“That’s as may be,” said the Hare, “but you can’t prove that I’m wrong.” Alice felt dreadfully puzzled.
“Have some more tea,” said the Hatter to Alice, “while Hare goes over some of his arguments in favour of scepticism.”
“Have you ever been wrong about something when you were absolutely sure that you were right?” asked the March Hare.
“Why certainly,” replied Alice, remembering her lessons in the schoolroom, “quite often in fact.”
“Then you must agree,” continued the Hare, “that however sure you may be that you are right about something, you could still be wrong about it, and thus could never, in good conscience, claim to actually know anything.”
Alice did not quite know what to say to this; it seemed to make sense, and yet it felt all wrong.
“Quite right,” interjected the Hatter, “but not totally. It is true to say that if one does indeed know a thing, one cannot be wrong either in the assertion of what you know or in the assertion that you know what you are claiming to know. However,” he continued reproachfully, “just because one has occasionally been mistaken about knowledge-claims in the past does not mean that one must be mistaken in the present, or that one can never be correct in the assertion of a knowledge-claim!”
“But how do you know when you are correct?” asked the March Hare,
“There can be doubt so long as there is the possibility of error.”
“Come now,” said Alice, “if there is the possibility of error, there must be the possibility of certainty.”
“What about the subjects of immediate experience?” asked the Hatter, “It is surely undeniable that we experience the world as we experience it!”
“Oh, I wouldn’t bank on that.” replied the March Hare, pouring himself a glass of wine. “I mean, how do you know that you’re not experiencing the world as someone else experiences it? Can you be sure that you are who you think you are? Perhaps there are no ‘subjects of immediate experience’ beyond the experiences themselves.” Here the March Hare finished his glass of wine and attempted to procure another; this he failed to do as the bottle seemed to have mislaid itself, so he sampled some of the toffee instead before going on to ask Alice, “How do you know that you are not dreaming all of this?”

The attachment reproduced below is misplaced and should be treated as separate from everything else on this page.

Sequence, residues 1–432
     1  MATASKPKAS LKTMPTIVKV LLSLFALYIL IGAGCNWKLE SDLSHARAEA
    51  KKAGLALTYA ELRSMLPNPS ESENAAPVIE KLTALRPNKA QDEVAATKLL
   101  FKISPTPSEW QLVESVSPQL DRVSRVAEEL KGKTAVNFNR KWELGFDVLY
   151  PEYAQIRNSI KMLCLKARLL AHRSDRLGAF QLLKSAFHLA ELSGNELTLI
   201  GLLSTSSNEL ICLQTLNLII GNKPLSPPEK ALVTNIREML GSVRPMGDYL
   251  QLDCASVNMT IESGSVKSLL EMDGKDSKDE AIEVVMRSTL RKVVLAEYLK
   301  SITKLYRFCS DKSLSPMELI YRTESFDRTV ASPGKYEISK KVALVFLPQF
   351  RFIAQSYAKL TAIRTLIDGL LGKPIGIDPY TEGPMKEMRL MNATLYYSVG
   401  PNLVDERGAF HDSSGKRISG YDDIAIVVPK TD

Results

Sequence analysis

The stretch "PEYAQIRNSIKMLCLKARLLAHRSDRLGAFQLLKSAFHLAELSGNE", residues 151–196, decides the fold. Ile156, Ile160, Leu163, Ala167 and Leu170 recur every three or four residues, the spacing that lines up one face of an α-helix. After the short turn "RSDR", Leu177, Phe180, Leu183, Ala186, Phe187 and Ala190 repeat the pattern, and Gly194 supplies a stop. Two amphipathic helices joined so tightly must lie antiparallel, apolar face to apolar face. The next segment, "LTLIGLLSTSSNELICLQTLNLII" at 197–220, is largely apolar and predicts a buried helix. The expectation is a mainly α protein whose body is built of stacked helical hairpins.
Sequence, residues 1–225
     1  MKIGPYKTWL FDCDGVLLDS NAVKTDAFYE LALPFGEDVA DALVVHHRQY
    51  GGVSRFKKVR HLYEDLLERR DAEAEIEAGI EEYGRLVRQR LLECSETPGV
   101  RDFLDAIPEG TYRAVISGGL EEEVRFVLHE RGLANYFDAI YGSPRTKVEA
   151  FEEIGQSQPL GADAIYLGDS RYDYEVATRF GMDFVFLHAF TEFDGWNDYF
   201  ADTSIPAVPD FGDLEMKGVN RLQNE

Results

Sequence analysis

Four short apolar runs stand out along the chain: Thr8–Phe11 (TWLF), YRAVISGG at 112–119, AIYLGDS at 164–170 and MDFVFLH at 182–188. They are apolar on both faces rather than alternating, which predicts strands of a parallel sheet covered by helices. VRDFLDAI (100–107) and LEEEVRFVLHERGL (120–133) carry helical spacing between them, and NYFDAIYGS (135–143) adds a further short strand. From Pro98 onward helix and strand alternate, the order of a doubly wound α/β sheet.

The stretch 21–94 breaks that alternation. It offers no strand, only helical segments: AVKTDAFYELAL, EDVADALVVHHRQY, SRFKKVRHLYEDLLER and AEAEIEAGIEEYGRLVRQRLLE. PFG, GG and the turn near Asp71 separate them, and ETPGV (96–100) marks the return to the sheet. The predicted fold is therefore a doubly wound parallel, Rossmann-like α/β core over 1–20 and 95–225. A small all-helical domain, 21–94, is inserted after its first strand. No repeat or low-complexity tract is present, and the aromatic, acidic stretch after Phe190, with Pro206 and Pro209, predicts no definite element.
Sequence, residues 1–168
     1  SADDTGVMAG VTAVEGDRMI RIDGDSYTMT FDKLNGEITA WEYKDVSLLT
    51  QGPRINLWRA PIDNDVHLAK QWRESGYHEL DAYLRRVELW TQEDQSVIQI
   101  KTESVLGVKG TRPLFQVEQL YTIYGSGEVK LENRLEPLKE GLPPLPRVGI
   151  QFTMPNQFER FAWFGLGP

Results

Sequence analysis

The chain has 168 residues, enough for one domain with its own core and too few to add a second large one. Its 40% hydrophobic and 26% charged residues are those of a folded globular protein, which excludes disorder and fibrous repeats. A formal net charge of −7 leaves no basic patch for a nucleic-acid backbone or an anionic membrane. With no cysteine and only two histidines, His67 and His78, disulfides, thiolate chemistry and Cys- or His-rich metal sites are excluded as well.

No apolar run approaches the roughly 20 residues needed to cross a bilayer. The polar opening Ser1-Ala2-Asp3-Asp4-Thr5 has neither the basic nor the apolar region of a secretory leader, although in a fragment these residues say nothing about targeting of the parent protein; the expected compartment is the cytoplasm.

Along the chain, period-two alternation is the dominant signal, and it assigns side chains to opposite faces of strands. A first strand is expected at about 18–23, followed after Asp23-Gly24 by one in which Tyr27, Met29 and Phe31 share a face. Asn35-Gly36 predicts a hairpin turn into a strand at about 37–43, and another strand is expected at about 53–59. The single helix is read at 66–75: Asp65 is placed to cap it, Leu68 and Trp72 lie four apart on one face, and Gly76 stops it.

Alice did not quite know what to say to this: so she helped herself to some bread-and-butter while she thought about it. “I know,” she said at length, “because I don’t know enough to dream up the things we are talking about.”
“Perhaps,” said the Dormouse without opening its eyes, “your subconscious knows something you don’t.” Alice wasn’t at all sure about this suggestion, but as it seemed rather difficult to argue with a sleeping Dormouse she decided not to try. The Hatter was the first to break the silence, and as he brushed the pieces off the table-cloth he said, “All one is really asking is can we know if there is a difference between a raven and a writingdesk? And if so, how? This question,” he continued with dramatic emphasis, “which at first sight might not seem difficult, is really one of the most difficult that can be asked.”1
“Let me put it like this,” said the March Hare, “the thesis that experience is a reliable guide is not one for which reasons can be offered. It is itself a principle of reasoning2. The only reason to believe in the reliability of experience is given by experience, and that means that the argument is circular; it can’t prove anything.” He started on another fragment of differential toffee and went on, “We find the very self-same problem with all logic, all thought. Any argument you use in an attempt to prove that reason works, that it can provide you with knowledge, necessarily uses reason. You have to presume that reason is valid in order to try and show that reason is valid! It’s a clear case of begging the question, another circular argument, and it just won’t do. Furthermore, if the validity of every proof had to be proved in its turn, we should fall into an infinite regress and could never reach a conclusion!”3 The March Hare looked very pleased with himself and began preening his whiskers.